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Home > Blog > Tim Durham Caught In Ponzi Scheme Probe

Tim Durham Caught In Ponzi Scheme Probe

Tim Durham’s name used to be associated with a lavish lifestyle that entailed a 30,000-square-foot mansion and an eclectic collection of exotic and classic cars. Now, it’s a Ponzi scheme being linked to the flamboyant businessman.

Durham is the subject of a federal investigation for running an alleged Ponzi scheme through his company, Fair Finance, which advertised and sold supposedly safe, but high-yielding, investment certificates to Ohio investors, many of whom were elderly. Money from the investors was then filtered to other companies that Durham owns or controls, according to court documents. 

Last month, the FBI raided Durham’s businesses, Fair Finance and Obsidian Enterprises. On the same day, Nov. 24, that the raids occurred, the U.S. attorney’s office in Indianapolis filed court documents accusing Durham and at least some of his companies of defrauding investors out of hundreds of millions of dollars.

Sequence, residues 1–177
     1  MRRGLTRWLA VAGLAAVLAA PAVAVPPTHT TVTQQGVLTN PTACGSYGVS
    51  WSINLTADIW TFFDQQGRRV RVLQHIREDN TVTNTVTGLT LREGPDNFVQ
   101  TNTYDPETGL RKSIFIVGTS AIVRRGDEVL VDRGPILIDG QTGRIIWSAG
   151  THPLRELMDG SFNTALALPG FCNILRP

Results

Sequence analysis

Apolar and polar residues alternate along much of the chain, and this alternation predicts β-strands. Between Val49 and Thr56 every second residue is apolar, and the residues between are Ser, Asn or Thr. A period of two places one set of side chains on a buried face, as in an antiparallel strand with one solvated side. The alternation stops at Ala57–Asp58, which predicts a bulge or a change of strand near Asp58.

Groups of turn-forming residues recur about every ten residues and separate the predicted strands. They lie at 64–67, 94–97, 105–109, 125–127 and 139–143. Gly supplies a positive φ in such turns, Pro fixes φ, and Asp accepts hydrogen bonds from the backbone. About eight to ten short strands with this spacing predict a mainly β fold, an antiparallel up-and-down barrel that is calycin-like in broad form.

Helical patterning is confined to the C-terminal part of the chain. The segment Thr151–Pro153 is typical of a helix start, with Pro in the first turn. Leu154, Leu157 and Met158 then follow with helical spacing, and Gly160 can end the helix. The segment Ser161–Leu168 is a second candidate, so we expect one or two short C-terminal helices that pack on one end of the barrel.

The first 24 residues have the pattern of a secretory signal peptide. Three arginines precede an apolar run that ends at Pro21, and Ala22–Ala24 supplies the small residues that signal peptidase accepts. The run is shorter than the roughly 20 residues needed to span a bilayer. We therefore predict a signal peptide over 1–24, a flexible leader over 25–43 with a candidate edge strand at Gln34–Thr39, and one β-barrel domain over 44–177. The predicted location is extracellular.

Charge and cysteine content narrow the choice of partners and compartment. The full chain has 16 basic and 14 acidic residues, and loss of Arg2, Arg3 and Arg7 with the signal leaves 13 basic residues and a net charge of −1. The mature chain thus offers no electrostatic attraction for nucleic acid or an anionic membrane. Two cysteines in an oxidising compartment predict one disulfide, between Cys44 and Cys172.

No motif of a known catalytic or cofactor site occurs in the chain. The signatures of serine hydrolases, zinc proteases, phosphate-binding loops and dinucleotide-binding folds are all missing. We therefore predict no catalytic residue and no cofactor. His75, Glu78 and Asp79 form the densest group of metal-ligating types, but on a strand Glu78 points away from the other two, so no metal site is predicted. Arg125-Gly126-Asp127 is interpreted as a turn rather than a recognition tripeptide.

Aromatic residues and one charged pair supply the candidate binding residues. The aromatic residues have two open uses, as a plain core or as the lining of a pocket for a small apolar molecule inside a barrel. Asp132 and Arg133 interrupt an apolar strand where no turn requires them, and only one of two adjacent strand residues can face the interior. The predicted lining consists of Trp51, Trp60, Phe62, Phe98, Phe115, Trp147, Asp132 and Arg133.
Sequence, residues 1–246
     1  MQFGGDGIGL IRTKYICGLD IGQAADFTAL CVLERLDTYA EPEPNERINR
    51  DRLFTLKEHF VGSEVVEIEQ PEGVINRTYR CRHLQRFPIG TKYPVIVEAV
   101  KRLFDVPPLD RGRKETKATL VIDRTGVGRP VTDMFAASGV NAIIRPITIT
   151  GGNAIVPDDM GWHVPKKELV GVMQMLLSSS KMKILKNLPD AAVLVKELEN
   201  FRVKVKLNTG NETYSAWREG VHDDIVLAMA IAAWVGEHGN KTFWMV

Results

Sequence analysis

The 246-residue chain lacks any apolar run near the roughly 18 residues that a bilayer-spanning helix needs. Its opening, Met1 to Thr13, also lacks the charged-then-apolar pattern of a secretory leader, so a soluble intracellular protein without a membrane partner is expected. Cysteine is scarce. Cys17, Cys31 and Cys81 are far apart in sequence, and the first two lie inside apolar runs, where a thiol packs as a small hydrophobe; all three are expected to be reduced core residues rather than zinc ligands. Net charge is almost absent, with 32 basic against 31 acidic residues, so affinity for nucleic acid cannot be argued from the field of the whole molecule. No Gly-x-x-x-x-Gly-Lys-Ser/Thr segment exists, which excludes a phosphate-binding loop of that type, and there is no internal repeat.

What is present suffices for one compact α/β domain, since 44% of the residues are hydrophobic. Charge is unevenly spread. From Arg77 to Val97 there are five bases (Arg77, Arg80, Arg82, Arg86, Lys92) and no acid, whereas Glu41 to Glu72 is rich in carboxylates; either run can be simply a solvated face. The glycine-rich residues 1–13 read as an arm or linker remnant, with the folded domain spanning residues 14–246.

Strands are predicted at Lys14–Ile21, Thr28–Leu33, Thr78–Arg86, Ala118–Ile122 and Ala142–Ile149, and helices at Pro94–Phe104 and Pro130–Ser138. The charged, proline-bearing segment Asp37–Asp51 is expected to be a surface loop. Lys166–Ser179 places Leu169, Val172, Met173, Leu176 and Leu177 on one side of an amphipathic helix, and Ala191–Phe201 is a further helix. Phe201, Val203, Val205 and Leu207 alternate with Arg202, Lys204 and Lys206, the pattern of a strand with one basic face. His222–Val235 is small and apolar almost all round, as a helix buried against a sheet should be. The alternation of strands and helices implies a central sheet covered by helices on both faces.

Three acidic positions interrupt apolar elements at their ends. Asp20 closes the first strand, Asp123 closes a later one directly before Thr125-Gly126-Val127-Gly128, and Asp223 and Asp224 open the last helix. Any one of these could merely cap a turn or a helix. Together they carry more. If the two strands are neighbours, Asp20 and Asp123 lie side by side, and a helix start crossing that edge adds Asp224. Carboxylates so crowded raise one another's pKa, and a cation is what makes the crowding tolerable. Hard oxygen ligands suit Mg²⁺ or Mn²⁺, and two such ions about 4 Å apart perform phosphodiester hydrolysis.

To date, no criminal charges have been filed against Durham. However, Durham did just recently hire James Voyles, a top Indianapolis criminal defense attorney.

On Dec. 4, Maddox Hargett & Caruso P.C. and David P. Meyer & Associates filed a lawsuit against Durham on behalf of an Akron couple who invested in Fair Finance. The lawsuit, which is seeking class action status, contends that Durham and James Cochran, co-owner of Fair Finance, used the company “as their own personal bank.”

“A lot of people are just scared to death that they have lost their entire life savings,” said David Meyer of David P. Meyer & Associates in a Dec. 21 article in the Wall Street Journal.

A second lawsuit was filed against Durham on Dec. 21 on behalf of 36 Wooster, Ohio, investors who say Durham owes them $2.2 million. Many of the plaintiffs in that lawsuit are believed to be members of the Amish community. 

Following the FBI’s raids of Nov. 24, the nine offices of Fair Finance have remained closed. The company owes approximately $200 million to Ohio investors who purchased the investment certificates, which do not have a government guarantee. 

In an interview with the Wall Street Journal, Durham, 47, said he was “shocked” by the raids on his businesses and that the allegations against him were “untrue.”

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